Olympic gold is the ultimate glory for an athlete but star Indian javelin thrower Neeraj Chopra says his best is yet to come as he strives to breach the 90m mark in the upcoming top events this year.
The 24-year-old Chopra won the men’s javelin throw event in Tokyo Games last year with an effort of 87.58m to win India’s first Olympic gold in athletics. He also became only the second Indian after shooter Abhinav Bindra to win an Olympic individual gold medal.
He said touching the 90m mark will be one of his targets this year with a medal in the upcoming World Championships and defending his titles in the Asian Games and the Commonwealth Games being the other aims.
“I always think whatever I’ve done and achieved so far is not ‘the-best’. I think that I can really do better in future. It feels good that whole nation believes in me and have really high hopes for me,” he told the Laureus World Sports website.
“We have been trying to reach the 90m mark for a very long time now. I think I can really do it sometime soon in near future. There’s no pressure on me to get past 90m, but I will work on my technique along with my strength and speed and would like to achieve it this year,” said Chopra, who has a personal best of 88.03m.
Chopra earned a nomination for the prestigious 2022 Laureus World Sports Awards in the World Breakthrough of the Year category.
“The gold medal (in Tokyo) has motivated me in life to do even better. Performing well and ending up on podium will be my target in the World Championship (in July),” he said.
“There are other big tournaments lined up this year such as Commonwealth Games, Asian Games, Diamond League Final. All of these are really major tournaments. I have to win medals in all these major tournaments.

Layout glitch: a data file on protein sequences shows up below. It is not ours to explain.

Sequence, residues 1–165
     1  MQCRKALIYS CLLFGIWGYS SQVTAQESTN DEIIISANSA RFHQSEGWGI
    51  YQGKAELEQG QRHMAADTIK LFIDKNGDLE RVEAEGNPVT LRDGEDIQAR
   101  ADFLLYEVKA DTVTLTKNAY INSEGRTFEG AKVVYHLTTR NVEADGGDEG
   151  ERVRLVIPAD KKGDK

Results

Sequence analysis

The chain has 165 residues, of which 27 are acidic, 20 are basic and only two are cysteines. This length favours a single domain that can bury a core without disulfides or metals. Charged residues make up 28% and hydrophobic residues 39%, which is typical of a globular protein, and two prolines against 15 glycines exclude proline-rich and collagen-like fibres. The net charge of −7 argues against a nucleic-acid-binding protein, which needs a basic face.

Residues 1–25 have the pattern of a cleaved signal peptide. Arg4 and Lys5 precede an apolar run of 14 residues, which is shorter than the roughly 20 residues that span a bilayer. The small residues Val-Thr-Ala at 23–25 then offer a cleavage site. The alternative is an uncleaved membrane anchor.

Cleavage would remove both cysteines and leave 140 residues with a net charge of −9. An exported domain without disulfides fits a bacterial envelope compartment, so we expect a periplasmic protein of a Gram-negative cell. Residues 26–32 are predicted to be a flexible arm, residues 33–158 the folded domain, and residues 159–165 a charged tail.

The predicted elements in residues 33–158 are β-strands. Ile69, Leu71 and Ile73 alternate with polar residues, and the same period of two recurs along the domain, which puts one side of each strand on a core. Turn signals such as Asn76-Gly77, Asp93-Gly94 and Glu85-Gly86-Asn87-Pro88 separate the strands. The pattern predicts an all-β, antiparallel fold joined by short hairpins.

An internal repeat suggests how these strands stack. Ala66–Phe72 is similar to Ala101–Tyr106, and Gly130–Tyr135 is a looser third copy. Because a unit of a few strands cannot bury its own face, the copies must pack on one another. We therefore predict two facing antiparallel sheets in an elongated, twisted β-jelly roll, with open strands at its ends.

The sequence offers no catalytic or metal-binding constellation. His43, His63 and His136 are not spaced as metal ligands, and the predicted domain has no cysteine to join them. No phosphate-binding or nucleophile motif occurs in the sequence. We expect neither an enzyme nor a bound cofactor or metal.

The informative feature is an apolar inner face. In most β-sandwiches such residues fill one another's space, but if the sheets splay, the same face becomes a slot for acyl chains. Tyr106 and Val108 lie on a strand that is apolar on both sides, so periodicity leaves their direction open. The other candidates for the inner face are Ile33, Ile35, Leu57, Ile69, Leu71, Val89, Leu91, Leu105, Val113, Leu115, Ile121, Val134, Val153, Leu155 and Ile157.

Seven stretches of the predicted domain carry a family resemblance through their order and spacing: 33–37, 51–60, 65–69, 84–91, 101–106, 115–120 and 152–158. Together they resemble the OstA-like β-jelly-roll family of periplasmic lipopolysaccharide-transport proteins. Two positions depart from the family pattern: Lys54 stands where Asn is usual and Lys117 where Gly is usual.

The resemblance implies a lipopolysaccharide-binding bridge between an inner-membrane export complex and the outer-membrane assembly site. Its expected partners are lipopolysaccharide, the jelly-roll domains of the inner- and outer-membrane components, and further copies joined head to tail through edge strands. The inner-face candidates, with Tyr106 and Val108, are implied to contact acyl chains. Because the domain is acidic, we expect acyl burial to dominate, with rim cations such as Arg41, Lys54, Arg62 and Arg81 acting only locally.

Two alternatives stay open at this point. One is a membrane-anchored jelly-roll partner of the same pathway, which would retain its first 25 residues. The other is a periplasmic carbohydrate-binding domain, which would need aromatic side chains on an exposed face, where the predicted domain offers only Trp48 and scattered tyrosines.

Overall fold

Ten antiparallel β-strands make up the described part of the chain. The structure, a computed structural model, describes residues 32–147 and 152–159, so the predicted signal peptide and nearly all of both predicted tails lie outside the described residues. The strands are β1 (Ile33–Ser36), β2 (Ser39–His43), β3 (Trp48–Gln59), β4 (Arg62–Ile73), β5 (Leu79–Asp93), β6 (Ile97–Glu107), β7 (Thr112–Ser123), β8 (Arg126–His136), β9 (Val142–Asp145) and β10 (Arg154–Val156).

“I have won a gold medal in Commonwealth and Asian Games and I would like to repeat my performance there. I represented India in the World Championship held in London. I couldn’t get into the finals there, but I’ll try my best to finish the tournament on the podium this year.”
Iconic cricketer Sachin Tendulkar, a Laureus Academy Member and winner of the Laureus Sporting Moment Award in 2020, congratulated Chopra for his nomination.
“My heartiest congratulations to you for your continued success representing India on the world stage. A Laureus Nomination is another great achievement — with many more to come,” he said.
World Athletics President Sebastian Coe, whose grandfather was an Indian, said he was in tears when he saw Chopra clinch the gold in Tokyo.
“I have done my level best to be entirely neutral when I’m watching competitions, but my impartiality in Tokyo was really tested to its limit because my grandfather was an Indian, my mother was born in Delhi and brought up in India.
“So, I have obviously very strong emotional ties to that country. Chopra’s win that night had me, Adille (Sumariwalla), the president of India Track and Field, and one of my executive board colleagues from India, Sunil, all three of us standing there in tears at the win.”
Also nominated in the Laureus World Breakthrough of the Year category with Chopra are tennis players Daniil Medvedev and Emma Raducanu, FC Barcelona football star Pedri, Venezuelan triple jump world record holder Yulimar Rojas and Australian swimmer Ariarne Titmus.
“If I win, I would like to place this Award on the top of my list since it’s an international Award. It’s very special and I also hope that in future a lot of Indians will be nominated and will win it for India, as legend Sachin has,” Chopra said.
Asked about the best memory of the Tokyo Olympics, he said, “I won’t be able to forget the moment when I was at the podium and my National Anthem was played. I got a flashback of how I started my journey, the challenges I faced, the hard work over the years.”
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